A committee of North Carolina lawmakers has passed legislation to end the impasse over who controls Charlotte Douglas International airport.
The question of who controls the airport has been tied up in court, since last year. State lawmakers created a commission to take over, and strip the Charlotte city council of direct oversight. The city sued in response, and everyone, including the judge, is now awaiting a decision from the Federal Aviation Administration—which has refused to decide.
The bill compels Charlotte’s city leaders to tell the FAA that the commission can take over.
“We passed a law that the city should have, I believe, complied with. They chose instead to take it to court,” Senator Ruth Samuelson, a Mecklenburg County Republican, told the Senate Finance Committee. “Since then we have tried to work with them, we have not made any progress, so therefore we thought maybe we’d help get it through court by clarifying the questions the FAA has.”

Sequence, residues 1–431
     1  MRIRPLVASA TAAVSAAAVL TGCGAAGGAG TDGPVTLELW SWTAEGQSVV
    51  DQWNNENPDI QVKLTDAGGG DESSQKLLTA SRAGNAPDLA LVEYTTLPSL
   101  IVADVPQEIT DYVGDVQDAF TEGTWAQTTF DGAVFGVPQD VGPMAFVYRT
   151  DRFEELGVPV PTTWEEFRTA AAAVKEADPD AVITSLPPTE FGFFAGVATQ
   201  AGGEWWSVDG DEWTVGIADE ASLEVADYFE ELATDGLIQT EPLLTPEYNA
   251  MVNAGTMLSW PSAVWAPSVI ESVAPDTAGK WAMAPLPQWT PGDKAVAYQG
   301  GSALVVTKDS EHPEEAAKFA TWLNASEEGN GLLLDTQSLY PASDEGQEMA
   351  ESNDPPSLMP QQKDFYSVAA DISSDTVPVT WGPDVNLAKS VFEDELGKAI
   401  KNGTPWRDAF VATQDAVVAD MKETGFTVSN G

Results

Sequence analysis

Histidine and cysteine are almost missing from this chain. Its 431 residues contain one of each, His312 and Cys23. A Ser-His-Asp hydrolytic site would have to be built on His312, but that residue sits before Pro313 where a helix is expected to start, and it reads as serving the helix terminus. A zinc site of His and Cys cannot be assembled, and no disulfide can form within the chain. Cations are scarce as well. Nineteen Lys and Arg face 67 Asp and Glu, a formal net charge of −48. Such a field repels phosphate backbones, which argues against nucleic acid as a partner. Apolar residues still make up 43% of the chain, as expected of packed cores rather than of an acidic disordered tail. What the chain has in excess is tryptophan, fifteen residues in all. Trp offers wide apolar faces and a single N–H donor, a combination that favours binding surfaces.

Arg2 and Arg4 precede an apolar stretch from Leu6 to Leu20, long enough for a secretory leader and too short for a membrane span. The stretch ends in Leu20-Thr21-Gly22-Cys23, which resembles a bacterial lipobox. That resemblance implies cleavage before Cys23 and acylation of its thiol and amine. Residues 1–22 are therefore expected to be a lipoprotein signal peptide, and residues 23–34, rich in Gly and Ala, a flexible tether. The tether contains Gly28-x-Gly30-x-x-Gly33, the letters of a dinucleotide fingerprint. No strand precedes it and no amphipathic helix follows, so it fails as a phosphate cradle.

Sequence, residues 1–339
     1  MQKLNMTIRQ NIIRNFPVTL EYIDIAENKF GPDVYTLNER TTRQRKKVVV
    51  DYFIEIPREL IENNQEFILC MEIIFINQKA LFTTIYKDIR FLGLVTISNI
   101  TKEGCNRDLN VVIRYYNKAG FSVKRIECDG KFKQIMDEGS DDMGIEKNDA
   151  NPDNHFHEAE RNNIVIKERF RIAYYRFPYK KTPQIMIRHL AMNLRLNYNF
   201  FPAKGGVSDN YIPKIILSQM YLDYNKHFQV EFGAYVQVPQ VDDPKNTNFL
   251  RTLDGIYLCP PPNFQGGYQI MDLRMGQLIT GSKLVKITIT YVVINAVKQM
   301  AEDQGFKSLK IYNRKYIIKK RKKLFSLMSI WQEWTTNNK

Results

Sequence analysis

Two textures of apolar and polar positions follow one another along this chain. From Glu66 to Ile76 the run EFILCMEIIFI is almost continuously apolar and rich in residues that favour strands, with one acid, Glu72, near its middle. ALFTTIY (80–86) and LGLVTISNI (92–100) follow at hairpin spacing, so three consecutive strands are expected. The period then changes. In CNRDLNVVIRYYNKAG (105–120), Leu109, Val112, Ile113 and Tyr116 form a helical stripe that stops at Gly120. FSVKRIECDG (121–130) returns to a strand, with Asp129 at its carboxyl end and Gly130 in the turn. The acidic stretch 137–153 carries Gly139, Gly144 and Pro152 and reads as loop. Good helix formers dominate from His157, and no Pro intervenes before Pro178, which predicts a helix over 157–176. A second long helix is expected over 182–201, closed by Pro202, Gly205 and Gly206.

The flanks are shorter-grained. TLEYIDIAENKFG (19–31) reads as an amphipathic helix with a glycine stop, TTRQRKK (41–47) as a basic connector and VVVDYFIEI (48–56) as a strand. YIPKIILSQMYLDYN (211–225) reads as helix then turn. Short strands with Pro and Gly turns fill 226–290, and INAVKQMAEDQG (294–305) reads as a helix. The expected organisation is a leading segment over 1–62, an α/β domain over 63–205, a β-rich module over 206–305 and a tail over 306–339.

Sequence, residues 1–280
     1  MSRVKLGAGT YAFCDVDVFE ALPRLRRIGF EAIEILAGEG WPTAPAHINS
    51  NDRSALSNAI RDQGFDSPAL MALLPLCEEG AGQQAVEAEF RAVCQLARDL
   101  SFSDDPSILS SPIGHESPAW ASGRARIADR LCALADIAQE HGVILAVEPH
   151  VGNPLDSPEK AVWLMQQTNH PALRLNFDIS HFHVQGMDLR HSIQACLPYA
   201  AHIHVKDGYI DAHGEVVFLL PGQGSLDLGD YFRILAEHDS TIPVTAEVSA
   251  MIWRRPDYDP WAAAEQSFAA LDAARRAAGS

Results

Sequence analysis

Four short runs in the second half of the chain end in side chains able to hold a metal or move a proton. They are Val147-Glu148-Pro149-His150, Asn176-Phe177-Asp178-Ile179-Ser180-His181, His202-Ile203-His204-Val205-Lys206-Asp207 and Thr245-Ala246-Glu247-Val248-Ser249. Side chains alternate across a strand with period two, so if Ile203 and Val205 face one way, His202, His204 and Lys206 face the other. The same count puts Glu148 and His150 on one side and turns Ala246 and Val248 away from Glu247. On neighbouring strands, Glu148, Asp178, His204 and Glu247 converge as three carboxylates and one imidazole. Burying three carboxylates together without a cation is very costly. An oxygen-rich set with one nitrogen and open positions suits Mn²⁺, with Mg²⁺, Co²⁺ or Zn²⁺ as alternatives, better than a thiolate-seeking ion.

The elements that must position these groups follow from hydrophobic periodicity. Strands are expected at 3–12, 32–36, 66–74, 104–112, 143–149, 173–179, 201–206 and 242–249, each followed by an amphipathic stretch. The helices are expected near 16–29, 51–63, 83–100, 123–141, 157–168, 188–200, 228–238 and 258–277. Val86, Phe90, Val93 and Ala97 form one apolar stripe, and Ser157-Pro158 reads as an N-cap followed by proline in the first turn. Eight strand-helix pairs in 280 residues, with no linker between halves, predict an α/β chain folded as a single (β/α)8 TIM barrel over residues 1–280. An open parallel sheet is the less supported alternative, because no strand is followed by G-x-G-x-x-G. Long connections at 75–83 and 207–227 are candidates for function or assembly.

In declining to decide, the FAA wrote that it wasn’t clear if the commission would be part of the Charlotte government. The bill clarifies it would.
"This is an ironic piece of legislation," said Senator Josh Stein, a Wake County Democrat. "We are saying the purpose of this is to clarify that the city owns it, for the sole purpose of depriving the city for the ability to control its airport."
Charlotte mayor Dan Clodfelter quickly issued a statement objecting to the bill. “I would ask that the General Assembly stand down from this new legislative proposal while local discussions in Charlotte continue,” the statement reads in part.
Charlotte airport commission chairman Robert Stolz was not available today for comment, according to an assistant.
Updated at 3:36 with more information.